Court stops city from banning panhandler
Unpaid tickets don’t warrant time in jail, judge says
A provincial court judge has quashed a bid by the City of Victoria to ban a “serial panhandler” from asking for money from passersby downtown.
Gerald Allan Dumont, known as Red, was issued 12 violation tickets by the city between May 24 and Oct. 10, 2007. The $470 in fines have not been paid.
Panhandling isn’t illegal in Victoria but it is against the law to obstruct pedestrians or panhandle in an aggressive way.
The city went to court asking for an injunction that would prevent Dumont from panhandling. If he ignored the injunction, he would be arrested and face a maximum fine of $10,000 or a six-month prison term.
The issue before the court was whether the violation tickets were legal in light of the penalty sought by the city.
Dumont’s lawyer David Lyon suggested a different process would have been more appropriate. There are two types of legal proceedings, he argued. If a person is issued a parking ticket, he does not expect to end up in jail if he does not pay it. The other process is more like a criminal procedure. The individual in question understands he might go to jail if he does not pay his fine.
The court agreed with Lyon’s argument.
“The principle of fairness is integral to our court system,” said Judge Judith Kay in the decision released yesterday. A person faced with a ticket “will decide whether to dispute that ticket with the belief that the penalty being faced is limited to the prescribed fine,” she said.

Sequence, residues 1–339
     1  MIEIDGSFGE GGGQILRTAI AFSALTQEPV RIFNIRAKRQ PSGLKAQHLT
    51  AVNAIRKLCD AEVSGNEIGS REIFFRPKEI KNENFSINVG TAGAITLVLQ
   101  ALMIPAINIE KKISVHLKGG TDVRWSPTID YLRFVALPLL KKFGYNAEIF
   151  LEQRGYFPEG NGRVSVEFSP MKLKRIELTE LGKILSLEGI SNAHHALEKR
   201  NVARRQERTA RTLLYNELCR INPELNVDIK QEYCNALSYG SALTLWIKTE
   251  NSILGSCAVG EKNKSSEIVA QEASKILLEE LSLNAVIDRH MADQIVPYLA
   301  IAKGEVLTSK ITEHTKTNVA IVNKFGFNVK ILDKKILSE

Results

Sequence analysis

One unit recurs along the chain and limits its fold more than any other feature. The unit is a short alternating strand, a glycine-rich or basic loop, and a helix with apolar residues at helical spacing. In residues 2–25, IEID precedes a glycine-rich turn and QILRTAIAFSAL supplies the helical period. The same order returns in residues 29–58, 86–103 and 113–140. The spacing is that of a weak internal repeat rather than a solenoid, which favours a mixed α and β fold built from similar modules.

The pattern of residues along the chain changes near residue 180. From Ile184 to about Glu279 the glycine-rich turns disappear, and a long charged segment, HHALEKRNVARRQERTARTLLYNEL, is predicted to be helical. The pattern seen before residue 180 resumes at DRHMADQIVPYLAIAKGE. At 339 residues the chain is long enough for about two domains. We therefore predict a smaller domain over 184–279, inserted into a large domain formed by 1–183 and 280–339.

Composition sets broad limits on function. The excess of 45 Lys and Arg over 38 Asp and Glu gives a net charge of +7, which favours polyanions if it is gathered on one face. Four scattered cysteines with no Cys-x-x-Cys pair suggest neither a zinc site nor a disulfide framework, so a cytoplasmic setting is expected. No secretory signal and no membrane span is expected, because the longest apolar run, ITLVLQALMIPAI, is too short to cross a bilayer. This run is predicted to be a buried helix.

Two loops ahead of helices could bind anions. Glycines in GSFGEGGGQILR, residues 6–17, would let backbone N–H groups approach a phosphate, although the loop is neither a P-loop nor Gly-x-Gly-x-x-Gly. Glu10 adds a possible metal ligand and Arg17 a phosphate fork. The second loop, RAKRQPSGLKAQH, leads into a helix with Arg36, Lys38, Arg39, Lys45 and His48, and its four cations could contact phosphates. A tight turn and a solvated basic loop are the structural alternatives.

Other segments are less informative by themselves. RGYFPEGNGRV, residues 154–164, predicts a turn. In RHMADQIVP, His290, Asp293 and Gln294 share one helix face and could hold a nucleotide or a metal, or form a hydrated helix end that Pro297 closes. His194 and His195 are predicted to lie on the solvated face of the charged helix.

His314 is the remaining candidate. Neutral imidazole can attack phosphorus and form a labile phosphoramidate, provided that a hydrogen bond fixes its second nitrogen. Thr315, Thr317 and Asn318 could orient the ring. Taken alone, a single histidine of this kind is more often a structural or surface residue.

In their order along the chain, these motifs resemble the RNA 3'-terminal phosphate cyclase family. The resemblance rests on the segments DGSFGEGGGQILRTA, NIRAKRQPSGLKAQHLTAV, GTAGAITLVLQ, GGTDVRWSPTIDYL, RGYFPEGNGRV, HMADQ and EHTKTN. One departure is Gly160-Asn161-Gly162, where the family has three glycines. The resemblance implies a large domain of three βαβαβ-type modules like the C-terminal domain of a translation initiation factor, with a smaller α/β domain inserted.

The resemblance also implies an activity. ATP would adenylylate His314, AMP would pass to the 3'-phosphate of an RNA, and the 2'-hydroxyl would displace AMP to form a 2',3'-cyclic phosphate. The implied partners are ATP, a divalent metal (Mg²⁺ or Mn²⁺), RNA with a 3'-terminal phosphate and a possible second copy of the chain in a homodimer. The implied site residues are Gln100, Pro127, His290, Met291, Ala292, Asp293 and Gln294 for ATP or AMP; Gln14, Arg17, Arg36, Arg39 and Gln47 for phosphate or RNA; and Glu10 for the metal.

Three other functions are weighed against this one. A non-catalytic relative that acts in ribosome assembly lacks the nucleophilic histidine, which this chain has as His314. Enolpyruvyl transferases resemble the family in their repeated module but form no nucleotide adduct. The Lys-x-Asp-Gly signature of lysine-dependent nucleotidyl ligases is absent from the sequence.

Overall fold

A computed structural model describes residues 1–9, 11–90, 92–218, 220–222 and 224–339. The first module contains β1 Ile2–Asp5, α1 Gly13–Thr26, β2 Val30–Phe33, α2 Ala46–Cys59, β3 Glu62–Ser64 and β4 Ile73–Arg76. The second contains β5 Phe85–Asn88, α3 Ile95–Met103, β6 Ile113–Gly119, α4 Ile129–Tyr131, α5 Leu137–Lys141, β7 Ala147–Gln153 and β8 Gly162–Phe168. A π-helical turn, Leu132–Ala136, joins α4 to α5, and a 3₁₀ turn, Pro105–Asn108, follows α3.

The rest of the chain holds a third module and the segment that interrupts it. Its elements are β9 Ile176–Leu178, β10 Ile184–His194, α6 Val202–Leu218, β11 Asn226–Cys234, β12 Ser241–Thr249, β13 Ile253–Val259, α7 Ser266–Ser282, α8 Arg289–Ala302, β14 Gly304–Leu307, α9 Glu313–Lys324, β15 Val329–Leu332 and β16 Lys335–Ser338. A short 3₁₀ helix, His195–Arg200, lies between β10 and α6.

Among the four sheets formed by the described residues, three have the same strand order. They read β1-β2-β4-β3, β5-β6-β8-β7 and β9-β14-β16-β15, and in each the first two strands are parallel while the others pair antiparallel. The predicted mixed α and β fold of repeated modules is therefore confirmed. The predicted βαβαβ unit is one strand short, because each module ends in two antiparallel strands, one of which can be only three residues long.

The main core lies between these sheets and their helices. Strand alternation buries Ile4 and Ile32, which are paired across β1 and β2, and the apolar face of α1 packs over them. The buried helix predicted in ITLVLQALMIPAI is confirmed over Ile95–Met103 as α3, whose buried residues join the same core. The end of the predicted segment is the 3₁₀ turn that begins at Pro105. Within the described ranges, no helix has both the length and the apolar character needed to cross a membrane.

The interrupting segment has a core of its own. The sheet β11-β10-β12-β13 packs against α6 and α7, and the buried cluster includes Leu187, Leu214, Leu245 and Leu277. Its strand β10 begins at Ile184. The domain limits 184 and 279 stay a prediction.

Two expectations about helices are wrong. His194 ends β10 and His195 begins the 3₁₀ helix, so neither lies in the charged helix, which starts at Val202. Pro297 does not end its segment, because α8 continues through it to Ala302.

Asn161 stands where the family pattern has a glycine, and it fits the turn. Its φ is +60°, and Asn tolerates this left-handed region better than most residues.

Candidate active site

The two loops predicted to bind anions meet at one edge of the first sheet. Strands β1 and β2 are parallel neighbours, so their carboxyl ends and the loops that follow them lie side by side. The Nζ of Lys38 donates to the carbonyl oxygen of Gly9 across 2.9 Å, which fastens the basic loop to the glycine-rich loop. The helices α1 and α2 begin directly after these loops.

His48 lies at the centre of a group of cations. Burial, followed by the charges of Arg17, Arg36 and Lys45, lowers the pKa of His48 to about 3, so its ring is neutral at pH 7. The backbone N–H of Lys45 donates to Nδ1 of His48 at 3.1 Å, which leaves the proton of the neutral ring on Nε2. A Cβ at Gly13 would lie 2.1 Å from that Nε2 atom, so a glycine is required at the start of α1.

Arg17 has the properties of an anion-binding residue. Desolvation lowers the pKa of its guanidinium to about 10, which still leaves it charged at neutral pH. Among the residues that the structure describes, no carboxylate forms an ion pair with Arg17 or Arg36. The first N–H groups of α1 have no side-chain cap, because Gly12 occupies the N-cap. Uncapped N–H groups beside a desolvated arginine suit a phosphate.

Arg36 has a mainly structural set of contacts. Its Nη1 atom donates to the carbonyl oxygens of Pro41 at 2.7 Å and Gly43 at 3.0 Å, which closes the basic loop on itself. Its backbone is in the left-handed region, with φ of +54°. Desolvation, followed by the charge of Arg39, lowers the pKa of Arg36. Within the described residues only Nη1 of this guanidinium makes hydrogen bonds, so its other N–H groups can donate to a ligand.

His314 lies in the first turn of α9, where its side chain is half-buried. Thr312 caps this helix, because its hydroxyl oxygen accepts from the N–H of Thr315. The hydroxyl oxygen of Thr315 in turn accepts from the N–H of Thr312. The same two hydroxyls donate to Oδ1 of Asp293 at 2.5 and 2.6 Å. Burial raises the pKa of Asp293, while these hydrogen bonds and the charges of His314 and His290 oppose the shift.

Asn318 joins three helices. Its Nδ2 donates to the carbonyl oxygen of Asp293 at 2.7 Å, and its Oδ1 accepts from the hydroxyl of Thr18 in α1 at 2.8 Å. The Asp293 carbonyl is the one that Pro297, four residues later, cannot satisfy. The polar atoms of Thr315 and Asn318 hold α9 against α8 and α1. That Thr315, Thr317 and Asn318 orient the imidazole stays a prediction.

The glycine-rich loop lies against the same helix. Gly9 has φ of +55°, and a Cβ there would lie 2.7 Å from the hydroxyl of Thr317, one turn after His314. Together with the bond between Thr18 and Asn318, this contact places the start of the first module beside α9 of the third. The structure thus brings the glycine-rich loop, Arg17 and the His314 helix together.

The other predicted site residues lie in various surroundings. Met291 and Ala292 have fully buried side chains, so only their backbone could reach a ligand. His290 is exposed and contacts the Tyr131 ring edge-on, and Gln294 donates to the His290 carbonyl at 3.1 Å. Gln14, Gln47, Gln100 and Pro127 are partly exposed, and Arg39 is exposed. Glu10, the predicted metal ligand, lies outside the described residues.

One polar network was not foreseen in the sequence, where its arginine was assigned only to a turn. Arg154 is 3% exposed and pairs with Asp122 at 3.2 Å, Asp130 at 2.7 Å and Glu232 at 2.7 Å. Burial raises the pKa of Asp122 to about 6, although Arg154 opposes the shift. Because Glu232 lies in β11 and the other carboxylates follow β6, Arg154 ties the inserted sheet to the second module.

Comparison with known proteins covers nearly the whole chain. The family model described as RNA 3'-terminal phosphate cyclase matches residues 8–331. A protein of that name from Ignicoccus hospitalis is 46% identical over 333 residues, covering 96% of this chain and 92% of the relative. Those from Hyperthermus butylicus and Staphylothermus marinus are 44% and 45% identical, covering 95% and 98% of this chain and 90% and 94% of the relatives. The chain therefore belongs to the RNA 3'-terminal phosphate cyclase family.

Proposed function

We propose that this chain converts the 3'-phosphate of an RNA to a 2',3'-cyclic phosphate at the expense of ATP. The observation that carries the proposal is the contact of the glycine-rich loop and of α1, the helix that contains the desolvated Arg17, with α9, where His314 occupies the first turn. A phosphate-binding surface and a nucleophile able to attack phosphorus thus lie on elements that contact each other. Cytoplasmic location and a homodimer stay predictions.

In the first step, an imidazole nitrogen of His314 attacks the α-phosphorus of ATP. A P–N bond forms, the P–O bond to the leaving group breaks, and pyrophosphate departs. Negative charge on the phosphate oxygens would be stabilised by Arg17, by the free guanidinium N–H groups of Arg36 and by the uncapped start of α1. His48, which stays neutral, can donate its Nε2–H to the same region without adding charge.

One may decide not to dispute or not to appear for the hearing, she said. “That person is presumed to know that imprisonment is not available as a result of a deemed conviction,” she said.
“It is not unusual for municipalities to commence actions alleging bylaw contraventions by the laying of an information but for some reason unknown to this court the City of Victoria has not yet chosen to do so with respect to Dumont.”
Kay acknowledged that Dumont “presents an ongoing nuisance in downtown Victoria,” having been the subject of police calls 256 times since 1997.
The city has the tools to protect the public from aggressive panhandlers, Kay said.
“However ... it must proceed lawfully itself against those it deems not to be abiding by its rules.”
Lyon said yesterday he was pleased with the outcome.
“It’s no secret that if you get [a municipal ticket] they can’t arrest you if you can’t pay the fine. The fines are so small, who’s going to waste a day to go to court to fight it?
“But if you know that they might make an order that will result in six months in jail and levy up to a $10,000 fine, you might look at it just a little bit differently.”